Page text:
Health care budget reduction recipe leaves a bad taste
Health Minister Jim Reiter appears to have a recipe for reducing our provincial health care spending. Unfortunately, it may not be a good recipe that Saskatchewan people will have an appetite for, as I don’t think it will either improve or even maintain quality long term care services in our province.
The first ingredient was to remove any commitment to safe staffing levels in our community nursing and special care homes. The Sask Party government accomplished this in 2011 when they repealed The Special Care Homes and Housing Act (and regulations). Although the previous minimal care hours per resident were insufficient, upon repeal of same, our government effectively removed the minimum standard. In place, they established guidelines which are unenforceable and wholly inadequate. This has resulted in chronic unsafe staffing levels in long term care.
As a second ingredient, the Sask Party government are in the midst of removing any notion of local control and autonomy in the delivery of healthcare services. This has been accomplished in the recent passing of The Provincial Health Authority Act. The provincial government will now be able to call all the shots when it comes to health care across the province, yet they will have one appointed board that they can blame when an individual has a complaint.
If you analyze the workforce demographics in long term care it is obvious that the role of Continuing Care Assistants (CCA) is instrumental in the provision of hands-on care to residents – we provide the bulk of personal care to the residents. Yet, approximately 40 per cent of CCAS (in Saskatoon Health Region) are over the age of 50 years and many have surpassed 25 years of service. Demographics in rural health regions show an even more significant aging workforce. This must be considered carefully in that an entry level CCA earns $21.61 per hour as of April 1, 2016. In order to achieve the standard of training to qualify as a CCA one must attend Sask Polytechnic for eight months and pay $5,600 tuition. The third ingredient, therefore, is the Sask Party plan to reduce all health care workers’ wages by 3.5 per cent thus putting all CCAS back to their 2014 rates of pay and holding them at these rates until 2021. This will ensure an exodus of those senior folks who can qualify for pension benefits; to remain working would be utterly foolish as it would take 10 years before any catch up would be possible if the government continues to persist with their wage rollbacks and freezes. There are few qualified CCA’S who could be recruited to work for an entry level position because the rate would be $20.88 per hour until the year 2021.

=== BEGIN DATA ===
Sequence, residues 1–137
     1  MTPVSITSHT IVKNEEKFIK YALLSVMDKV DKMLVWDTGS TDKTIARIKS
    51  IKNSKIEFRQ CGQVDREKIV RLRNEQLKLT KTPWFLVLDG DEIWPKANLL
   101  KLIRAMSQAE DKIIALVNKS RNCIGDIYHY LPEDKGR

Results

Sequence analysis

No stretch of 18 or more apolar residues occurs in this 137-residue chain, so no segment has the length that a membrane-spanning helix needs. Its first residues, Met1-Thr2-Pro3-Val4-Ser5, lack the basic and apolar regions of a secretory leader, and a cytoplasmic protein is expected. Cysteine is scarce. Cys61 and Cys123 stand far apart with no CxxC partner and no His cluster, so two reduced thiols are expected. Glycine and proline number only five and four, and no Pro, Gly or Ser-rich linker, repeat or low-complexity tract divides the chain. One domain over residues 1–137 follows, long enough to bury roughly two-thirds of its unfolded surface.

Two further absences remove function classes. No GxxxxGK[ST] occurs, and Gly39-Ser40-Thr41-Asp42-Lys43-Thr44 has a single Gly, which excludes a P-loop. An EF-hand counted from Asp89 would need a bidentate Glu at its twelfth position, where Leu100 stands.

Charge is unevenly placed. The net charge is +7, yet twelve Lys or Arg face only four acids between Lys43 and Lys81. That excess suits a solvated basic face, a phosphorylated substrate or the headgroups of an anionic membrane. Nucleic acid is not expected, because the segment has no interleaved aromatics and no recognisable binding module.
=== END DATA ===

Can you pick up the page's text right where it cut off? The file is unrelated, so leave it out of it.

At the end of the day what this does accomplish? It is called forced bed closure in many (particularly rural) communities due to a shortage of qualified staff to manage long term care resident needs. There is an obvious savings to the Sask Party government in terms of health care spending. With the advent of one provincial health region, our family members who need long term care may be placed in locations quite a distance from home and family. This puts many families in a position to consider private for-profit options as an out-of-pocket expense which represents a savings to government as well.
As a CCA who has been working in long term care for 46 years, I feel the need to share my perspective with others about the direction our government appears to be taking and how I see them transforming change in health care to provide fewer public options to the people of Saskatchewan. It’s most unfair and will reduce access, increase our personal cost and create hardship for our families and our communities. We should all let our MLAS know that we share no appetite for this recipe.
Esther Dupperon - Executive Board Member, SEIU-WEST All material in this publication is the property of the Alberta Newspaper Group, LP, and may not be reproduced in whole or in part without prior consent of the Publisher. The Publisher is not responsible for statements or claims by advertisers. The Publisher shall not be liable for slight changes or typographical errors that do not lessen the value of an advertisement or for omitting to publish an advertisement. Liability is strictly limited to the publication of the advertisement in any subsequent issue or the refund of any monies paid for that advertisement.
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